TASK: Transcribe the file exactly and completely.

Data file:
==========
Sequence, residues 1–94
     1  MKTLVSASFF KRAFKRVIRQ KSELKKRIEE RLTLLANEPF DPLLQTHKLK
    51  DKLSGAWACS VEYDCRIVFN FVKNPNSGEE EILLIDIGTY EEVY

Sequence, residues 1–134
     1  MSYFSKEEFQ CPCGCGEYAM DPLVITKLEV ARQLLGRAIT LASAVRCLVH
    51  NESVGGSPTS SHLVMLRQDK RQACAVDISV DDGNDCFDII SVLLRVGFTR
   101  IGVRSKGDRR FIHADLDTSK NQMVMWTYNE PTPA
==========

Sequence, residues 1–94
     1  MKTLVSASFF KRAFKRVIRQ KSELKKRIEE RLTLLANEPF DPLLQTHKLK
    51  DKLSGAWACS VEYDCRIVFN FVKNPNSGEE EILLIDIGTY EEVY

Sequence, residues 1–134
     1  MSYFSKEEFQ CPCGCGEYAM DPLVITKLEV ARQLLGRAIT LASAVRCLVH
    51  NESVGGSPTS SHLVMLRQDK RQACAVDISV DDGNDCFDII SVLLRVGFTR
   101  IGVRSKGDRR FIHADLDTSK NQMVMWTYNE PTPA